Re: On influencing factors

Mark Mills (
Fri, 6 Nov 98 09:04:09 -0600

Subject: Re: On influencing factors
Date: Fri, 6 Nov 98 09:04:09 -0600
From: Mark Mills <>
To: "Memetics List" <>
Message-Id: <>


>> 'Extreme' suggests 'abnormal,' and that's not my interest. I'm
>> interested in common next neighbor interactions. My interest is this:
>> to what degree is gene expression in one cell triggered by the behavior
>> of neighboring cells.
>Well, lots. See Hancock (1997).
>> I hope you see the parallels for memetics.
>I can see the analogy, but I'm not sure it's a helpful one, because the
>mechanisms by which these neighbour interactions occur are very
>different. I'm not sure that signal transduction research can tell us
>much that would be applicable to memetics.

Perhaps there is more than meets the eye. Memes are often described as
'units of imitation.' Imitation is a form of signal transduction. I
don't think it a huge jump to suggest DNA is involved in signal
transduction and hence imitation, too.

Does a suggestion that DNA is involved in imitation at the
microbiological level seem reasonable?

If genes are involved in microbiological imitation, what does that say
about memetics?

As usual, I'm arguing for a systemic umbrella for genetics and memetics.
I've argued in the past that genetics and memetics should be
differentiated by the substrate upon which control features are
transcribed. Genetics involves DNA sequences planted in a sugar
substrate. Memetics involves neural tissue. In both cases, we are
interested in signal transduction. General principles regarding signal
transduction provide something of an umbrella.

>> I suspect many will be a bit uncomfortable with extra-cellular genetic
>> triggers. Such a phenomena would diffuse the locus of control and cause
>> a variety of philosophical problems.
>I think I'm lost here. Development is controlled genetically. There
>are differences between the ways that so-called mosaic embryos (eg.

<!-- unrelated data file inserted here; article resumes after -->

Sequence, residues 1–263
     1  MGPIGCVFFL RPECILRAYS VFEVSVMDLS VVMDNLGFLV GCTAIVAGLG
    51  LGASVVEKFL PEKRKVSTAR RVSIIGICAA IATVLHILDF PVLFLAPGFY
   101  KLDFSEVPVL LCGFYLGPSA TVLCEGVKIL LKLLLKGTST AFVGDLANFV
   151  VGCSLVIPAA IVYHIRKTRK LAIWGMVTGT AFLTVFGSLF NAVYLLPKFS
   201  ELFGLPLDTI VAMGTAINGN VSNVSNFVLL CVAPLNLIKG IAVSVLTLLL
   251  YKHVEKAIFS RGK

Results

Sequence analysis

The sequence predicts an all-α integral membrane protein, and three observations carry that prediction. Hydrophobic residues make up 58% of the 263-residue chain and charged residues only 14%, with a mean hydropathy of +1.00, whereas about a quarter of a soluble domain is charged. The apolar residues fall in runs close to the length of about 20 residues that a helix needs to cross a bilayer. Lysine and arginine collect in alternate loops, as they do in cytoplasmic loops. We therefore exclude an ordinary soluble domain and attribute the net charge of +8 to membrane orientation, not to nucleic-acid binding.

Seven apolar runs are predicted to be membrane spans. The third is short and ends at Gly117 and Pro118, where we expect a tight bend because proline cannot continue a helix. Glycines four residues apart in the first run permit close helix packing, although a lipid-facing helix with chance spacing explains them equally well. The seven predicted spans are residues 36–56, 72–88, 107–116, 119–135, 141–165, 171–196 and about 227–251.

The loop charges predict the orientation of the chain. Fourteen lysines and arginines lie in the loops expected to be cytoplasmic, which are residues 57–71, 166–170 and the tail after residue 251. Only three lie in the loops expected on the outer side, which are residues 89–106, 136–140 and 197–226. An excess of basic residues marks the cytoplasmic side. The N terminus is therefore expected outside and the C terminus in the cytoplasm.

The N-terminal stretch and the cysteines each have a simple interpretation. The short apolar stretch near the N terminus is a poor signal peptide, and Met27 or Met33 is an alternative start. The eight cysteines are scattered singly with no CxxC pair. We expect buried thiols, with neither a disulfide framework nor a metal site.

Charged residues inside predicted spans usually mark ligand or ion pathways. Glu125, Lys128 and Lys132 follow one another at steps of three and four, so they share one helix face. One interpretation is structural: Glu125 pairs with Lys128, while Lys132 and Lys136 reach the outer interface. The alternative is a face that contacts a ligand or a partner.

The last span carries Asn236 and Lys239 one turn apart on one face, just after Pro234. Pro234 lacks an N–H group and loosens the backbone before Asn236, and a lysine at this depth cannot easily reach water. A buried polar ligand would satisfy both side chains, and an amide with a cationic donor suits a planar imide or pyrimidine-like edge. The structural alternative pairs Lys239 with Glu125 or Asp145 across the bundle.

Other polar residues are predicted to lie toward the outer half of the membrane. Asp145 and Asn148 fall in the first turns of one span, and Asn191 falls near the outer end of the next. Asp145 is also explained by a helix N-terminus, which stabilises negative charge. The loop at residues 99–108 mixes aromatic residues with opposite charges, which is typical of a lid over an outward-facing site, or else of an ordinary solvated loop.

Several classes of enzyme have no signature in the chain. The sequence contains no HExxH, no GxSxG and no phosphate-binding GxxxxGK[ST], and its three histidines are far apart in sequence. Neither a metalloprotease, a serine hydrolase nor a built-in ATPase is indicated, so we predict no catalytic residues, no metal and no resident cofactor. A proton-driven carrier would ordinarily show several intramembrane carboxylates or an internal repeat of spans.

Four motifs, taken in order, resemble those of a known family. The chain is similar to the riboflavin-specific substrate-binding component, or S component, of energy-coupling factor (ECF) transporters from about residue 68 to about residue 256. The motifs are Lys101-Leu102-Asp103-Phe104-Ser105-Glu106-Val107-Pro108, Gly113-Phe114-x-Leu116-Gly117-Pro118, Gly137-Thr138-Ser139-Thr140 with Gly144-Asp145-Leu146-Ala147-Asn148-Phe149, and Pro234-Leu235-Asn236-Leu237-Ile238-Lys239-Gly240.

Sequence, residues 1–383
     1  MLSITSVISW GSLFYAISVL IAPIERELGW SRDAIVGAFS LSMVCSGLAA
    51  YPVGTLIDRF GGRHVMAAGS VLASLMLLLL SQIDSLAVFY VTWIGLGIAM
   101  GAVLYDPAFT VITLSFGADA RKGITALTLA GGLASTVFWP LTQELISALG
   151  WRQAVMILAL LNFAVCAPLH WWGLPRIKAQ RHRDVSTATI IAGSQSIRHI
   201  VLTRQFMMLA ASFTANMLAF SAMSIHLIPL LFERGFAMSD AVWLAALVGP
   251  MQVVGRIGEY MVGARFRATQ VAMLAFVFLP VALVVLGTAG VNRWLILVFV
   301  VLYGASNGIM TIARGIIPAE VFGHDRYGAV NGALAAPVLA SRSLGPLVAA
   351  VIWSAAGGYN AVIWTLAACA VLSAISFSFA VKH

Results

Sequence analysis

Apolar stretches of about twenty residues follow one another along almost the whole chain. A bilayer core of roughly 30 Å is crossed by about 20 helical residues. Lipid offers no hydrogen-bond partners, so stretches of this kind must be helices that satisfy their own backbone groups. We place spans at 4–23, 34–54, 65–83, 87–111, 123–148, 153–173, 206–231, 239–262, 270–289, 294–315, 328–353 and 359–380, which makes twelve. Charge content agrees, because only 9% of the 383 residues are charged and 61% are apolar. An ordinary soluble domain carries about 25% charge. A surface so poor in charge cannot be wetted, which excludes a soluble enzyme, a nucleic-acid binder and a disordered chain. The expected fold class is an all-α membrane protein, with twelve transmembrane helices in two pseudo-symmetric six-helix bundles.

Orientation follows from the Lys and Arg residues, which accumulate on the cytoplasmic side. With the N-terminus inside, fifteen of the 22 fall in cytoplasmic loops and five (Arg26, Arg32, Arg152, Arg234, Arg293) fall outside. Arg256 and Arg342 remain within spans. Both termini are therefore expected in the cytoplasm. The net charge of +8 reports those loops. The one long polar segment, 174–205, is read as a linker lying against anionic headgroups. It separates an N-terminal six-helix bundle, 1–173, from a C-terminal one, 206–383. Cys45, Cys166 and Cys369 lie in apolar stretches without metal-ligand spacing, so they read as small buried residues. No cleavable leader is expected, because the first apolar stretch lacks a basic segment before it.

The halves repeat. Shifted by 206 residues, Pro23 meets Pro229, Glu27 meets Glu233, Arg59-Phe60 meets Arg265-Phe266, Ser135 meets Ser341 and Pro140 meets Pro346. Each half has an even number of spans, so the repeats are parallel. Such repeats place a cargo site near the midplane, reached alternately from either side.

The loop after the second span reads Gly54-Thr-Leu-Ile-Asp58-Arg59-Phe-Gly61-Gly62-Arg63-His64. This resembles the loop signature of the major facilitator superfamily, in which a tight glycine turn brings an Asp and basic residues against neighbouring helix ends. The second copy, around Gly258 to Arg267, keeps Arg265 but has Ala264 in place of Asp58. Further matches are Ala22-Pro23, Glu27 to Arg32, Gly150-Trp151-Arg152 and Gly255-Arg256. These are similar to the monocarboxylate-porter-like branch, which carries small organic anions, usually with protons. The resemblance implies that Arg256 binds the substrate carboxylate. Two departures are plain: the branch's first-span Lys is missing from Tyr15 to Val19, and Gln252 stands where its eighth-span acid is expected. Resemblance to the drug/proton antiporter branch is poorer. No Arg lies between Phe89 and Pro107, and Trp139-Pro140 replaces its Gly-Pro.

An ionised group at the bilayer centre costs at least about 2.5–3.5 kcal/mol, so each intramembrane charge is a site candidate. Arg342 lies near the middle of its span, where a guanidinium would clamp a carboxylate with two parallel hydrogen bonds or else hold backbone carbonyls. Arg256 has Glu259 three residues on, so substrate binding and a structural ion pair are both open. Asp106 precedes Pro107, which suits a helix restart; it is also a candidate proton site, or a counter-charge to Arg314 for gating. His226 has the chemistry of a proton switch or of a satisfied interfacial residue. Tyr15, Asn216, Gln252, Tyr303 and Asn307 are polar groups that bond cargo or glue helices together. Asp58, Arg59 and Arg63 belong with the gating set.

>molluscs, the most extreme case) and regulative embryos (mammals are the
>archetypal example) implement the genetic blueprint. The fact that
>cells signal to each other during development doesn't cause any
>problems for this paradigm.

I'm puzzled by your use of the term 'genetic blueprint.' The notion of
'blueprint' implies the existence of a self contained plan. It's a
Platonic notion and easy to understand. I thought the Darwinian
revolution dismantled this paradigm, though.

Did I miss something?

The 'blueprint' model posits the locus of control within the 'plan.' A
'good' blueprint produces the same object or building regardless the
person reading it, the weather during construction or a host of other
possible confusions. One either follows or ignores the blueprint.
Ignoring the blueprint can lead to stiff legal fines.

I like your ball and groove model for DNA's role better than 'blueprint'.
The B&G model suggests DNA provides a vast array of grooves for
biological processes. Each groove represents a limited locus of control.
There is always the possibility that a process will be bounced out of one
groove and into another.

The ball and groove model suggests chromosomes functionally represent a
catalytic surface rather than a 'blueprint.'

The notion of 'ball and groove' model fits the Darwinian paradigm better
than 'blueprint.' There is no particular plan to the set of grooves.
Reproduction randomly rearranges the grooves for each new generation.
Each groove is catalytic, providing a lower energy path for chemical
processes. The groove set provides for the set of ongoing biological
processes active from the moment of fertilization and the host of
extra-cellular triggers that impinge on the cell during its lifetime.
Natural selection removes the 'less fit' sets of grooves.

The B&G model decentralizes control. It provides for the equivalent of
the 'butterfly effect' at the genetic level. A little change in the
balance of biological processes can produce new outcomes. Obviously,
successful groove sets successfully produce predictable outcomes. The
possibility of new response is not removed, though.

It seems the B&G model would work for memetics, too. It doesn't take a
lot of thought to see how neural tissue could provide a complex set of
process grooves.

This takes us back to the notion of signal transduction, with the added
notion of catalytic surfaces tossed in. This all seems to fit within the
framework proposed by Kauffman.


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